The Veterans Affairs Department will no longer pay for supplementary health services for veterans’ family members who are incarcerated in federal correctional facilities, a change of policy made as the Liberal government faced a barrage of criticism over the benefits provided to a convicted killer who is the son of a veteran.
The decision by Veterans Affairs Minister Seamus O’Regan was announced Tuesday after the Conservatives spent days hammering the government over the payments made by Veterans Affairs Canada (VAC) to cover the PTSD treatment of a Halifax man who murdered an off-duty police officer.
The government paid for the costs of Christopher Garnier’s visits to a private psychologist because his father is a veteran who has also been diagnosed with post-traumatic stress disorder.
Mr. O’Regan told reporters on Tuesday afternoon that he had asked his department to explain how the decision was made. After reviewing the response provided by the bureaucrats, he said he directed VAC to ensure that any services recommended for a veteran’s family member that entail “extenuating circumstances” are reviewed by an area director of the department and a health professional.
“Treatment benefits are not be provided to a veteran’s family member who is incarcerated in a federal facility,” the Minister said. “Those facilities are responsible for the treatment of persons in their institutions.”
Mr. Garnier will not have his benefits revoked, however, because the Minister said the new policy is “to provide scrutiny with all future decisions.”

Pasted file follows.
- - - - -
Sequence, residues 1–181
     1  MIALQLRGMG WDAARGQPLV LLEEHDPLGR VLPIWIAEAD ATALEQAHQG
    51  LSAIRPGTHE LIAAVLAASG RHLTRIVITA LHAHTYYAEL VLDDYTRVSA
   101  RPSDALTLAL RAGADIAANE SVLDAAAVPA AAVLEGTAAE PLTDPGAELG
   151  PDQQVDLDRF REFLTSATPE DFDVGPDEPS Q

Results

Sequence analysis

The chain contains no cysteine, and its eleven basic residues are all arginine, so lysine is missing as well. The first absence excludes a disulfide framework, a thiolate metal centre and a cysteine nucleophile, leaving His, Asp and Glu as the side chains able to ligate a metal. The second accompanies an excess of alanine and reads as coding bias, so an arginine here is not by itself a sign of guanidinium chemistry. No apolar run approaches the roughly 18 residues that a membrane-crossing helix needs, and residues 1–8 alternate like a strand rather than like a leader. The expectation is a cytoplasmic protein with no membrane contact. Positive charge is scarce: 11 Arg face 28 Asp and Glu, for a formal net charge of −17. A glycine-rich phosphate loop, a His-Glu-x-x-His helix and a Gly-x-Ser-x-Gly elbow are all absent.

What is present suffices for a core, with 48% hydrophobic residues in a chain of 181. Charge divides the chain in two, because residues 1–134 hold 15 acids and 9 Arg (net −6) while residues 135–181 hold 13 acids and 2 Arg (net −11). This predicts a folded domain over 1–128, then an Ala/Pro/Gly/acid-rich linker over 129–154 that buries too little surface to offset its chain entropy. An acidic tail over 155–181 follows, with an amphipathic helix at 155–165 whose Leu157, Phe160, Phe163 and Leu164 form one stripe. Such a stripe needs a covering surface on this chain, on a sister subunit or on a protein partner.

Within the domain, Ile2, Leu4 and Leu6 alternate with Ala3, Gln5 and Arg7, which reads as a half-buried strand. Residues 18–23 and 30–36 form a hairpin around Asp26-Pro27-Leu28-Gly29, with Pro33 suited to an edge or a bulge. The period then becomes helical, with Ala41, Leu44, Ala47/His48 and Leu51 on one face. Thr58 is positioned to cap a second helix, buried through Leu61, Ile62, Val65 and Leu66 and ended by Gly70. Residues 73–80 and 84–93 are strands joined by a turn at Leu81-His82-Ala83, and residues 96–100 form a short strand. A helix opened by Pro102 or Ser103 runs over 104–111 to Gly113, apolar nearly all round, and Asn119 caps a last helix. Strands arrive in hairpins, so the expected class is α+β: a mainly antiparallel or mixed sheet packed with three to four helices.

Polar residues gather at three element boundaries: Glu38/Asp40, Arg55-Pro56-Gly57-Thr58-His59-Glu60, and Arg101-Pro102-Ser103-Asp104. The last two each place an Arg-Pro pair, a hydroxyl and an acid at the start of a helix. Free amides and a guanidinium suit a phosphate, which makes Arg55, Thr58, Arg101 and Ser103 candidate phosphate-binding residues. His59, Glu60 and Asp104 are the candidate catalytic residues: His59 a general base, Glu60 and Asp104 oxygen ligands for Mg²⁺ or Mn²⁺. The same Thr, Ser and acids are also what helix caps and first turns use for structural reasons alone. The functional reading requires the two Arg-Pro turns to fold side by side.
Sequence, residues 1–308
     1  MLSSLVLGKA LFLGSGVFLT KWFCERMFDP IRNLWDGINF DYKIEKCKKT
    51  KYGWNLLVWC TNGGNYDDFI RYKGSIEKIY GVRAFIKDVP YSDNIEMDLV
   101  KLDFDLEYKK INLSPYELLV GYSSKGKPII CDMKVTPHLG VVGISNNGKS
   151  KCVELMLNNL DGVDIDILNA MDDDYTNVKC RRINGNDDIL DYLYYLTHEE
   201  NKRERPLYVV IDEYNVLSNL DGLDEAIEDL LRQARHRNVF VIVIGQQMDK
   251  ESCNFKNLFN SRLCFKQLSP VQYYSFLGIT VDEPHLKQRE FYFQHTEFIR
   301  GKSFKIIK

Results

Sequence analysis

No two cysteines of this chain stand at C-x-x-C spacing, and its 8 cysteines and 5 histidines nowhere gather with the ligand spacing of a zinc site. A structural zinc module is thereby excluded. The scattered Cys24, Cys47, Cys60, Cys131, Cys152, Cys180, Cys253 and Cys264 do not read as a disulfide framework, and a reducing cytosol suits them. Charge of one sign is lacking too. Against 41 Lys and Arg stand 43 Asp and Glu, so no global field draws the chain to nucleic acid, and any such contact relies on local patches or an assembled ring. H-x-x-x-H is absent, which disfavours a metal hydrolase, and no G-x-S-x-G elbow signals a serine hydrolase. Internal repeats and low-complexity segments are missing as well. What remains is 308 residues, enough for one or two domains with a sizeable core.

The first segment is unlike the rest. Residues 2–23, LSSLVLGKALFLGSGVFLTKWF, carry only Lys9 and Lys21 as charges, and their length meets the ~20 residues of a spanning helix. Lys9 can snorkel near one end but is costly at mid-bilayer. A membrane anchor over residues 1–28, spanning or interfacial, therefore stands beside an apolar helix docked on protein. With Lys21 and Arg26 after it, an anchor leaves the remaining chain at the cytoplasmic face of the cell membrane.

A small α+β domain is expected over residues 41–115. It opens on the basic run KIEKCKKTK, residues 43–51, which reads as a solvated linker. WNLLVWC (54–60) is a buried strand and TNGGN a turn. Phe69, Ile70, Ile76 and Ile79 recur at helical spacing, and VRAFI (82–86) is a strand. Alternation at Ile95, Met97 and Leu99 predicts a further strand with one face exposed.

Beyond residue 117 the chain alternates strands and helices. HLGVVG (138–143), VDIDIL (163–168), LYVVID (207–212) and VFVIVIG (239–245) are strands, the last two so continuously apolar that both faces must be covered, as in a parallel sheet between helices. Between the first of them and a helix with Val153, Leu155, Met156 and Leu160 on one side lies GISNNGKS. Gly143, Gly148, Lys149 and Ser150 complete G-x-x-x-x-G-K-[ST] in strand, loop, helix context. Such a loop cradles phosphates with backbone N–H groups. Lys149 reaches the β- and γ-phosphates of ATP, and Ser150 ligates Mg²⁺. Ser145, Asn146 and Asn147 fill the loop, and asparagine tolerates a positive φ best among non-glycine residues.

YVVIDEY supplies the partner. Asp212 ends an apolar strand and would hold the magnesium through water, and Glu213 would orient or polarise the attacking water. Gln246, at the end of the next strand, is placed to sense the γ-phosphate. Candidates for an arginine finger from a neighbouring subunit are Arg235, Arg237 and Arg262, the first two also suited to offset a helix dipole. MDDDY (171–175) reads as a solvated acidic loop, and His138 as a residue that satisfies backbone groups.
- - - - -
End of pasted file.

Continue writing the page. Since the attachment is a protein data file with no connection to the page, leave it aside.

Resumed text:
Mr. Garnier was convicted in December of murdering 36-year-old Catherine Campbell, an off-duty Truro police officer, in 2015 and dumping her body in a compost bin. His lawyer has argued Mr. Garnier’s mental illness was brought on by the murder.
On Tuesday, before the change to the benefits for veterans’ family members was announced, the Conservatives launched a day-long debate about Mr. Garnier in the House of Commons and introduced a motion calling on Prime Minister Justin Trudeau to revoke the benefits that were extended to the convict.
“The department is now using veterans' money on a convicted killer. Will the Prime Minister finally do the right thing and cancel these benefits for this killer?” Conservative Leader Andrew Scheer asked in leading off the daily Question Period.
Mr. O’Regan stood repeatedly to explain that he could not discuss details of the case. He also accused the Conservatives of hammering away at the issue for reasons of political expediency. But it was revealed part way through the Question Period that the Minister had ordered the change.
“It’s an emotional subject because many of us, including me as Minister and many other members of this House and, I think, indeed many Canadians when they first heard the news of this were outraged given the conditions of the case,” Mr. O’Regan said later. “But it is really important to remember that at the centre of this is still a father and a veteran and even under such trying circumstances as this we have to stand with that veteran.”
With a file from The Canadian Press